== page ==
Seek emergency medical treatment if you develop signs or symptoms of anaphylaxis, such as:
A Lone Star tick bite most commonly causes the condition in the U.S. Bites from other types of ticks can lead to the condition in the U.S., Europe, Australia and Asia.
Ticks that cause alpha-gal syndrome are believed to carry alpha-gal molecules from the blood of the animals they commonly bite, such as cows and sheep. When a carrier tick bites a human, the tick injects alpha-gal into the person's body.
For unknown reasons, some people have such a strong immune response to these molecules that they can no longer eat red meat or products made from mammals without a mild to severe allergic reaction. People who are exposed to many tick bites over time may develop more-severe symptoms.
People with antibodies related to alpha-gal syndrome can have allergic reactions to the cancer drug cetuximab (Erbitux). Cetuximab-induced cases of this condition are most common in regions with a high population of Lone Star ticks, suggesting a possible link between Lone Star tick bites and an increased vulnerability to alpha-gal syndrome. More research is needed to understand the connection between ticks that carry alpha-gal in certain regions and cases of alpha-gal syndrome that don't seem directly linked to tick bites.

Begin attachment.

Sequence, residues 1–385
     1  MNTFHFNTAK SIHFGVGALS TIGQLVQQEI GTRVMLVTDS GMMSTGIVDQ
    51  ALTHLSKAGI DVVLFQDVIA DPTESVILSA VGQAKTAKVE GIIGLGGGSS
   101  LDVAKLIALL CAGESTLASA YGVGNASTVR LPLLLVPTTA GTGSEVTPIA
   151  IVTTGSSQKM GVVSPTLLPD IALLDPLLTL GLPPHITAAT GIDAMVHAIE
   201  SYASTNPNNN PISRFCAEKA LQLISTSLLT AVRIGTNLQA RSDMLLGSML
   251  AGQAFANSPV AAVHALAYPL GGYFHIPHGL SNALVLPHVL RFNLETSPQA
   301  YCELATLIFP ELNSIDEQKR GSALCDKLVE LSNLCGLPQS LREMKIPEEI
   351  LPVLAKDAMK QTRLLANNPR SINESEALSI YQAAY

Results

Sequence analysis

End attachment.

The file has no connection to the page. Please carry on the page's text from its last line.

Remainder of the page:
Researchers think the hallmark time-delayed reaction of alpha-gal syndrome is due to the alpha-gal molecules taking longer than other allergens to be digested and enter your circulatory system.
Doctors don't yet know why some people develop alpha-gal syndrome after exposure and others don't. The condition mostly occurs in the southeastern United States and parts of New York, New Jersey and New England. You're at increased risk if you live or spend time in these regions and:
In the past 20 to 30 years, the Lone Star tick has been found in large numbers as far north as Maine and as far west as central Texas and Oklahoma in the United States.
Alpha-gal syndrome can also occur in other parts of the world such as Europe, Australia and parts of Asia, where bites from certain types of ticks also appear to increase your risk of the condition.
Alpha-gal syndrome can cause food-induced anaphylaxis, a medical emergency that requires treatment with an epinephrine (adrenaline) injector (EpiPen, Auvi-Q, others) and a visit to the emergency room.
Anaphylaxis signs and symptoms can include:
Based on recent research, doctors now believe that some people with unexplained, frequent anaphylaxis may be living with undiagnosed alpha-gal syndrome.
The best way to prevent alpha-gal syndrome is to avoid areas where ticks live, especially wooded, bushy areas with long grass. You can decrease your risk of getting alpha-gal syndrome with some simple precautions: